Here’s a fun thought: Next time you watch the fast-paced action of a volleyball game, consider how many laws of physics are being demonstrated on the court. For example, every movement by the ball or the athletes illustrates one of Newton’s three laws of motion: inertia, acceleration and action-reaction. Applying the principles of physics to sports does more than just provide an interesting math problem. These analyses form the basis of biomechanics and sports science and can be used to improve athletic performance.
Three Laws Plus One Force
Newton’s first law, also known as the law of inertia, states that unless acted upon by a force, a motionless body will stay still or a moving body will keep moving. The law of acceleration, Newton’s second law, states that an increase in the velocity of a moving object is directly proportional to the force applied and inversely proportional to the object’s mass. The third law, the law of action and reaction, states when one object exerts a force on another object, the latter object reacts with an equal force in the opposite direction.
A critical component involved in these laws of motion is called force, which pulls or pushes on an object and creates movement. Force isn't directly visible but is measured by the direction and distance a moving object travels.
Inertia: Get a Move On
A nice example of the law of inertia can be seen in a volleyball at the highest arc of a server’s toss, that moment when the ball is nearly motionless. It will either fall straight down due to the force of gravity, or sail across the net from the force of a hand striking it. In an example of a moving object, a spiked volleyball moves in a fairly straight line downwards unless deflected by the force of the net, receiver’s forearms, blocker’s hands or floor.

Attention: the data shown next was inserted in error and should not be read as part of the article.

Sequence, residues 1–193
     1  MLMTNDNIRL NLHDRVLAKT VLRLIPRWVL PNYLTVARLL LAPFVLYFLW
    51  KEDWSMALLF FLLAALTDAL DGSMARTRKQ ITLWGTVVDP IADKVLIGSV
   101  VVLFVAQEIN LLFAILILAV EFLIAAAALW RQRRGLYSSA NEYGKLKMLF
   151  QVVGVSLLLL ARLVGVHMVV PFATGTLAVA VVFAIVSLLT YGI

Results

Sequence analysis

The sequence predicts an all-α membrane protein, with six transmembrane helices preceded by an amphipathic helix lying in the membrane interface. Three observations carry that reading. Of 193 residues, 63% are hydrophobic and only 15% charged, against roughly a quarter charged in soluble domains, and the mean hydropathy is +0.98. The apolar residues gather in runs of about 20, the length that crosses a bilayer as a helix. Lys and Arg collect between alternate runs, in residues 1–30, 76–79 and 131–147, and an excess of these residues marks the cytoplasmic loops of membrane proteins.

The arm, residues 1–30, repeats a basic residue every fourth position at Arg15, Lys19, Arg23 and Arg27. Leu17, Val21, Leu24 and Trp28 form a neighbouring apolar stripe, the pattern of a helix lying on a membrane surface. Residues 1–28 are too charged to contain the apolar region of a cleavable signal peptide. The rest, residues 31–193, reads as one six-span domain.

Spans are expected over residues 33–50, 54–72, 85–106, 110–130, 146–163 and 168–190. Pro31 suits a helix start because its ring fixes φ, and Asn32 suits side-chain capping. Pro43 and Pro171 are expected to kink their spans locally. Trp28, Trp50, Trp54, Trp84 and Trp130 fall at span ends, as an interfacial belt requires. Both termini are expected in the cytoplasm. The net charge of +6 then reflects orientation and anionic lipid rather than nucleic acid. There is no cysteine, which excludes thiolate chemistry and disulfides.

Acceleration: Lighter is Quicker
The law of acceleration comes into play every time a volleyball player moves on the court. Smaller athletes are more agile on the court because their lower mass accelerates and decelerates more quickly, which is particularly critical on defense. Heavier athletes need more time to get into position, or more leg strength to get there as quickly. The faster the arm swing, the more force is exerted on a spiked volleyball at the moment of contact.
Action-Reaction: Use the Force
The law of opposing forces can be seen when volleyball players leap off the floor. The force exerted by their feet downwards is countered by an opposing, upwards force exerted by the floor. If the floor didn’t “push back,” athletes wouldn’t be able to leave the ground. The opposing force from the floor, by the way, is also why people get sore feet after a long practice session and bruised from hitting the floor after a hard dig.